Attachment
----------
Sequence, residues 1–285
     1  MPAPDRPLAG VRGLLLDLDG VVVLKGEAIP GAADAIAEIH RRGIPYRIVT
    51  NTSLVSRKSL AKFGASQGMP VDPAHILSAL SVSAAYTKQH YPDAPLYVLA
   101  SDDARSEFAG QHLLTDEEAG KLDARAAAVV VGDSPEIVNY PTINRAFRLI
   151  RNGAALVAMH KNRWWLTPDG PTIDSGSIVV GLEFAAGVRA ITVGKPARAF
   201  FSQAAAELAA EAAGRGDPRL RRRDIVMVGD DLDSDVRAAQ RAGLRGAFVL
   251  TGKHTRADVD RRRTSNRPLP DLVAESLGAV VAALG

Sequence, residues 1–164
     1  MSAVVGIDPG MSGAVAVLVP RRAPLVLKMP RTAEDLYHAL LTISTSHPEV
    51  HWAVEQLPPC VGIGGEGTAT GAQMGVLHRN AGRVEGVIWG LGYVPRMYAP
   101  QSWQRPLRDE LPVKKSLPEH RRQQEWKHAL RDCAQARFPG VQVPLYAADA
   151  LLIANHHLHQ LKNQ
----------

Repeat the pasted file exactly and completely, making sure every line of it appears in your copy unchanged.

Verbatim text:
Sequence, residues 1–285
     1  MPAPDRPLAG VRGLLLDLDG VVVLKGEAIP GAADAIAEIH RRGIPYRIVT
    51  NTSLVSRKSL AKFGASQGMP VDPAHILSAL SVSAAYTKQH YPDAPLYVLA
   101  SDDARSEFAG QHLLTDEEAG KLDARAAAVV VGDSPEIVNY PTINRAFRLI
   151  RNGAALVAMH KNRWWLTPDG PTIDSGSIVV GLEFAAGVRA ITVGKPARAF
   201  FSQAAAELAA EAAGRGDPRL RRRDIVMVGD DLDSDVRAAQ RAGLRGAFVL
   251  TGKHTRADVD RRRTSNRPLP DLVAESLGAV VAALG

Sequence, residues 1–164
     1  MSAVVGIDPG MSGAVAVLVP RRAPLVLKMP RTAEDLYHAL LTISTSHPEV
    51  HWAVEQLPPC VGIGGEGTAT GAQMGVLHRN AGRVEGVIWG LGYVPRMYAP
   101  QSWQRPLRDE LPVKKSLPEH RRQQEWKHAL RDCAQARFPG VQVPLYAADA
   151  LLIANHHLHQ LKNQ